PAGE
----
10. You Are My Sunshine, The Pine Ridge Boys.  This 1939 “standard” has been covered by so many artists it is hard to say where I heard it first.  Originally performed as a country song, it has received a lot of musical treatments.

9.  California Sun, The Rivieras.  The 1961 song by Joe Jones became a big hit when The Rivieras covered it in 1964.  The 1977 Ramones version also became a hit and showed up on various albums.

8.  Walking On Sunshine, Katrina and the Waves.  The 1985 hit was a consistent seller for the record company and pure gold for the artists who retained the publishing rights and songwriter royalties.

7.  Soak Up The Sun, Sheryl Crow. It’s her only number one hit and you can probably sing along with the chorus.  The 2002 release was written by Crow and Jeff Trott.

6.  I’ll Follow The Sun, The Beatles.  The Paul McCartney, John Lennon composition was written as early as 1960 but the Beatles hit was released in 1964 with lead vocals by McCartney.

5.  We’ll Sing In The Sunshine, Gale Garnett.  This happy pop tune was released in 1964 and won the Grammy for Best Traditional Folk Recording in 1965.  Yes, it was the era for Folk Rock.

4.  Good Day Sunshine, The Beatles  There was no plan to add multiple Beatles songs.  I made up a list and then gave them a ranking.  This 1966 Lennon, McCartney composition also has McCartney on lead vocals.  Paul played piano on the track and later overdubbed his bass part.  I could not find a Beatles performance, but Sir Paul can still bring it.

3.  Let The Sun Shine In, The 5th Dimension.  The recording by the 60’s pop group is actually a medley of two songs from the musical, Hair.  It was at the top of the charts for 6 weeks in 1969.  Opening with “Aquarius,” the sound was sometimes called “Psychedelic Pop.”

2.  Sunshine On My Shoulders, John Denver.  Co-written and recorded by Denver for his 1971 album Poems, Prayers & Promises, it was released as a single in 1973.  By early 1974 it reached number 1.  When the album came out, I recall singing this song over and over with a friend.  I think our performance may have been fueled by adult beverages.  It will always hold great memories from a youth well spent.

1. Here Comes The Sun, The Beatles  This time it is a George Harrison composition that brings The Beatles back to the list.  Recorded in 1969 for the Abbey Road album, it was never released as a single.  Nevertheless, the track received critical acclaim and has been played and downloaded often.

Click on any title to go to the You Tune video, or let all of these songs shine down on you from playlist here.

BRUTALLY HONEST – Marilyn Armstrong

Medical terminology is designed to take the sting — and sometimes the responsibility — out of troubling problems. PTSD – Post-traumatic Stress Disorder is the latest entry in trying to find a way around admitting war is bad for soldiers and other living things.


A little history

The first army in history to determine that mental collapse was a direct consequence of the stress of war and to regard it as a legitimate medical condition was the Russian Army of 1905 …The Russians’ major contribution was their recognition of the principle of proximity, or forward treatment. … In actuality, less than 20 percent were able to return to the front.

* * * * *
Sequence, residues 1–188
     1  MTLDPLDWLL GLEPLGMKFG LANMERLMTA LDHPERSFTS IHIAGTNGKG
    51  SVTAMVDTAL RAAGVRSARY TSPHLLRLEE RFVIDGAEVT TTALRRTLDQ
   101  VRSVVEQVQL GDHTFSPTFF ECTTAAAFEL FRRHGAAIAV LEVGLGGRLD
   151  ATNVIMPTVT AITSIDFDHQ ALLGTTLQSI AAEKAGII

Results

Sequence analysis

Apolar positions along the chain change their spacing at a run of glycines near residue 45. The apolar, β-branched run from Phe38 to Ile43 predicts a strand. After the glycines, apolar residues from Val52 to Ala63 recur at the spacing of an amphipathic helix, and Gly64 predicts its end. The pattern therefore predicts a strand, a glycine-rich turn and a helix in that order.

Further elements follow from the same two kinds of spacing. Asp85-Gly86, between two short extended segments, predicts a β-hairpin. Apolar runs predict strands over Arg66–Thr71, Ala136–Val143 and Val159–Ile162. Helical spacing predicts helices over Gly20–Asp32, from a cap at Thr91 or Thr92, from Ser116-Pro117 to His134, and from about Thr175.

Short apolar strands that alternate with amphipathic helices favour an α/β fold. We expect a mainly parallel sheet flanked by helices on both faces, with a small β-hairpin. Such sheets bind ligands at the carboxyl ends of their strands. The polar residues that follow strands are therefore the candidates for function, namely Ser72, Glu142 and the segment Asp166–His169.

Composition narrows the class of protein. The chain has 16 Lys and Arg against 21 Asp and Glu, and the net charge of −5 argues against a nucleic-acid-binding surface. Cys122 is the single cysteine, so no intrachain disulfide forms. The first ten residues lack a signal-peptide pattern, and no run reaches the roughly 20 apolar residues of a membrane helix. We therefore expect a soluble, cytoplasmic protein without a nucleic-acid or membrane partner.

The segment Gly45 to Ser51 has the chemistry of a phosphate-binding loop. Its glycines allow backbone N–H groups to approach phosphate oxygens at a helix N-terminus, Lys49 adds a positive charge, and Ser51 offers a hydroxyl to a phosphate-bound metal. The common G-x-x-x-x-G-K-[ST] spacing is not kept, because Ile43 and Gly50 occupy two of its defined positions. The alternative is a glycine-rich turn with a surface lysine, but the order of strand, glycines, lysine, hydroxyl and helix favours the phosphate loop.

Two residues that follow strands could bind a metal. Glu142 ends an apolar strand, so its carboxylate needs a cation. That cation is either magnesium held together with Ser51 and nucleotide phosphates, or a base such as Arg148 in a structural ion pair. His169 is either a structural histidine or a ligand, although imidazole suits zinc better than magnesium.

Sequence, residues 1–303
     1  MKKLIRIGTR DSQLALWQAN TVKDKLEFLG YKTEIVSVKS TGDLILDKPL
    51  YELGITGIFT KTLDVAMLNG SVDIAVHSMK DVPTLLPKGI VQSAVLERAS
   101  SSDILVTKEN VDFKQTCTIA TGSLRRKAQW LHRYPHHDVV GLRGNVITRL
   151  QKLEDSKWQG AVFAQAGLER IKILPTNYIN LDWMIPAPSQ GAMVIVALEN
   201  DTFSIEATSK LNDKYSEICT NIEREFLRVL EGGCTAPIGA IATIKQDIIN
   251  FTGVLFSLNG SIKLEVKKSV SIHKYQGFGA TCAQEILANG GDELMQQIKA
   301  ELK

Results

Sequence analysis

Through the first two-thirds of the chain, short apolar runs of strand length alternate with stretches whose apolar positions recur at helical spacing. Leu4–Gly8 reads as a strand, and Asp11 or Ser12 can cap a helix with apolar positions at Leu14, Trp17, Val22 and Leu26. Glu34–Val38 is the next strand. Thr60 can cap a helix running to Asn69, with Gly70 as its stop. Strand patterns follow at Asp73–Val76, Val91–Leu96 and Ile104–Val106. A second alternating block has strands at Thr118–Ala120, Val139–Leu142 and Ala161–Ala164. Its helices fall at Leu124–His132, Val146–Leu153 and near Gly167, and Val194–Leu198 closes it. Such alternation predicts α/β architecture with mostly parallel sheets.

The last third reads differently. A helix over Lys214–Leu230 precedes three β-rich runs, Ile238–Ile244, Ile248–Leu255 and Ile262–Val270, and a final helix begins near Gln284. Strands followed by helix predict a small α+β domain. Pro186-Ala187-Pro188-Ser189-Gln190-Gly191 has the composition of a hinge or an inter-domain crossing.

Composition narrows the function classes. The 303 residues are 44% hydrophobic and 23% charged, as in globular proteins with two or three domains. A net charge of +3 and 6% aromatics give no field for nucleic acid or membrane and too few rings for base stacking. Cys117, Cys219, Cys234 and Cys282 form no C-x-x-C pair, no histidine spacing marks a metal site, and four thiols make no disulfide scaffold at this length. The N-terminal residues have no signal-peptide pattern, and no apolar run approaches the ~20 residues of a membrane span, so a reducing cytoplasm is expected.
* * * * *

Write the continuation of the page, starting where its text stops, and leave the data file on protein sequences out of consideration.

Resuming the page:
The brutalities of WWI produced large numbers of the psychologically wounded. … This time, they began by attributing the high psychiatric casualties to the new weapons of war; specifically, the large-caliber artillery.

It was believed the impact of the shells produced a concussion that disrupted the physiology of the brain; thus the term “shell shock” came into fashion.

Another diagnosis … was neurasthenia: “The mental troubles are many and marked; on the emotional side, there is sadness, weariness, and pessimism; repugnance to effort, abnormal irritability; defective control of temper, tendency to weep on slight provocation; timidity. On the intellectual side, lessened power of attention, defective memory and will power….” 

At least the early descriptors name the cause — war or battle. Artillery. But those who make war and send others to fight it don’t like taking the blame. Since they are not going to end the war, they try to make its repercussions seem less threatening.

They do this by removing the word “war” from the illnesses it causes. Which of course makes everyone feel better. Not.

By the end of World War I, the United States had hundreds of psychiatrists overseas who were beginning to realize that psychiatric casualties were not suffering from “shell shock.” … Unfortunately, they continued to believe this collapse came about primarily in men who were weak in character.

During WWI, almost 2,000,000 men were sent overseas to fight in Europe. Deaths were put at 116,516, while 204,000 were wounded. During the same period, 159,000 soldiers were out of action for psychiatric problems, with … 70,000 … permanently discharged. 

Then came World War II. Everyone knows the story of General Patton slapping the soldier in the hospital and treating him as a coward. Generals cannot afford to believe that war is bad for soldiers, that it isn’t just a matter of mind over matter. Although Patton is certainly most famous for expressing his feelings on the matter, I doubt he was unique in his opinions. He was just more outspoken than most of the war leaders.

It became clear it was not just the “weak” in character who were breaking down. This is reflected in the subtle change in terminology that took place near the end of World War II when “combat neurosis” began to give way to the term “combat exhaustion.” Author Paul Fussell says that term as well as the term “battle fatigue” suggest “a little rest would be enough to restore to useful duty a soldier who would be more honestly designated as insane.”

Gabriel writes in No More Heroes, a study of madness and psychiatry in war, that contrary to what is in the movies, television, and the military, it is not only the weak and cowardly who break down in battle. In reality, everyone is subject to breaking down in combat. … ” When all is said and done, all normal men are at risk in war.

Vietnam and subsequent wars have kept troops permanently under siege while the medical community has sanitized symptoms. PTSD lacks any obvious link to war and battle. It doesn’t change the problem and has not resulted in better treatment in VA hospitals. Today’s ploy is to not even acknowledge the problem, but instead, ascribe soldiers’ symptoms to “something else.” Anything else to avoid the military accepting responsibility for the care of its victims.

The cost of war exceeds our ability to cope with its fallout. Apparently, no one considers not sending more soldiers into combat might be the best solution. Funny about that.